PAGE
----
This Wednesday, Google decided to honor the chemist Otto Wichterle for his 108th birthday.
Although this name is not widely known, the invention of this Czech researcher celebrated in the doodle of the day has revolutionized the lives of many people.
The chemist has indeed developed soft contact lenses as we know them today, reports
Born October 27, 1913, in Prostejov (now Czech Republic), Otto Wichterle refused to follow his father's path, co-owner of several factories, and went to study chemistry in Prague.
Google pays homage to Czech scientist 🇨🇿 Otto Wichterle, born 108 years ago, inventor of contact lenses (photo credit: https://t.co/uOGFKmaXjO and https://t.co/67cevZPNbV) pic.twitter .com / TD3u3tJ7Mu
- Alain Sarhadian (@AlainSarhadian) October 27, 2021
Less irritating lenses
He first worked on plastics and their uses.
In 1941, Otto Wichterle developed the sylon, a competitor of American nylon.
It was only after the Second World War that the scientist devoted himself to ophthalmology, and in particular the hydrogels used on contact lenses.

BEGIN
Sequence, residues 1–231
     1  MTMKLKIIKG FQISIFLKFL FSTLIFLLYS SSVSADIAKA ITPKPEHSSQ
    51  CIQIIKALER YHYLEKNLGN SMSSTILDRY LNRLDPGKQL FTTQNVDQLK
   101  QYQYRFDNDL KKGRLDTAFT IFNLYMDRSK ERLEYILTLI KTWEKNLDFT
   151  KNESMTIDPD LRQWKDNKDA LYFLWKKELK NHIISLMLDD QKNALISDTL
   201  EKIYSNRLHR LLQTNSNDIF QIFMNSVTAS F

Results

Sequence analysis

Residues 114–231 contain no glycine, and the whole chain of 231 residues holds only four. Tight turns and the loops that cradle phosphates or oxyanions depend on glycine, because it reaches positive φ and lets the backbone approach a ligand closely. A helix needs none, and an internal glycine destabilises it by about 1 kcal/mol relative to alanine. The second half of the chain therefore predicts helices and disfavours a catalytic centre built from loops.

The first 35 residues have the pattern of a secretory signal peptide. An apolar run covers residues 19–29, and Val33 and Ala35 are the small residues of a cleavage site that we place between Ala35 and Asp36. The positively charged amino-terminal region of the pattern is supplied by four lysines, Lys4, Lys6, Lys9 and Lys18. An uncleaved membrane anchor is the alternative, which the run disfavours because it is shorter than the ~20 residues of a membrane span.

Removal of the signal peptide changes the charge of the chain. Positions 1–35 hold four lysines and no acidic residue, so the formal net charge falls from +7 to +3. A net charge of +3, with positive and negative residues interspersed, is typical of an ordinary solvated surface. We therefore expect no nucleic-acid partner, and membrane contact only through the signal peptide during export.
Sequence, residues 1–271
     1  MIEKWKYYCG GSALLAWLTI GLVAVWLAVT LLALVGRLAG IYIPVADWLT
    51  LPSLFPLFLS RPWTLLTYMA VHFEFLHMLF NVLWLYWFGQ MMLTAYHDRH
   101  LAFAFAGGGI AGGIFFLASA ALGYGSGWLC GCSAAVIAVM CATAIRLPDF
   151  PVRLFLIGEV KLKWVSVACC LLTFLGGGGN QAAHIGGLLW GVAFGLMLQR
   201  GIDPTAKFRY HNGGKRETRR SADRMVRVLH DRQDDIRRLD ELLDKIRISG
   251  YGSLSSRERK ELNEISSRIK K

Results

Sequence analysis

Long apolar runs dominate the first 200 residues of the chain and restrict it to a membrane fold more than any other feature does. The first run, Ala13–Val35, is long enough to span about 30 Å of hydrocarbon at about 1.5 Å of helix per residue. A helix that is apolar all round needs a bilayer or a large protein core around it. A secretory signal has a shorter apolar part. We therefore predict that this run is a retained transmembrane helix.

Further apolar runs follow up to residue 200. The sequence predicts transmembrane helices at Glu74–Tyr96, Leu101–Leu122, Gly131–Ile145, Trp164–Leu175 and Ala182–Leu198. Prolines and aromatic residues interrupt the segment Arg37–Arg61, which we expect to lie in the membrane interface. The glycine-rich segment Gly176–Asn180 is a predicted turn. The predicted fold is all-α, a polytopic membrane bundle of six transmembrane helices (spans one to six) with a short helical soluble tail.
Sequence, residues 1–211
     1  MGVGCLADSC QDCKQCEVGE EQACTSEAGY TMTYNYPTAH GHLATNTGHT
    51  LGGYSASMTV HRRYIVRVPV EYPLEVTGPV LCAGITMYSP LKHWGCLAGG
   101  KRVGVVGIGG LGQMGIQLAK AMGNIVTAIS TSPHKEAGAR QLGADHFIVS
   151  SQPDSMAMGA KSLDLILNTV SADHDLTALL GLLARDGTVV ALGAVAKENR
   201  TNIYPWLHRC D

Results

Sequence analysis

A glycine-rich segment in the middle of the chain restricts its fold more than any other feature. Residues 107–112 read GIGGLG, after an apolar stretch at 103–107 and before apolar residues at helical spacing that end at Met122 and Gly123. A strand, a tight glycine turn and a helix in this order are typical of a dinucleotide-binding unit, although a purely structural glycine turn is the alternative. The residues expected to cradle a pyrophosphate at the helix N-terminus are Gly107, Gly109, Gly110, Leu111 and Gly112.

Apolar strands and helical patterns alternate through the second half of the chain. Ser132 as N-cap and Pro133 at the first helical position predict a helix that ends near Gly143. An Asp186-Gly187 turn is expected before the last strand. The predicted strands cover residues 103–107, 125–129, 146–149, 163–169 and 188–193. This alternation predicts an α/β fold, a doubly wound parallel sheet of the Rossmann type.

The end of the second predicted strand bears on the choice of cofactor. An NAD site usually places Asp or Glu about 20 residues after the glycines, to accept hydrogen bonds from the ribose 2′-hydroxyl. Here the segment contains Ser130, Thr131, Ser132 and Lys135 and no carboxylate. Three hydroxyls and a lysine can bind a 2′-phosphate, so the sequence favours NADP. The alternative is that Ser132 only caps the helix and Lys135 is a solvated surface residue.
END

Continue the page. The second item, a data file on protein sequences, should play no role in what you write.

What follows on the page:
These were, at the time, irritating to the eye, reports
Otto Wichterle then, with his teams, developed a new compound: hema, which today forms the basis of soft lenses.
The researcher then encountered another problem: the edge of these new lenses was not regular and offered poor hold.
An invention sold abroad
Otto Wichterle found the solution in an original way: by stirring his coffee in December 1961. The researcher observed the centrifugal force in the liquid and decided to apply the same mechanism to his hydrogel, which made it possible to give the correct one. lentil shape.
His first machine would have been created with a construction set belonging to his son.
He would have made four perfect lenses with it.
The scientist unfortunately did not take advantage of his invention.
Despite the rapid filing of a patent, the invention was forcibly recovered by the communist power of the time.
It was then sold abroad.
Otto Wichterle finally died in 1998 without making a fortune.
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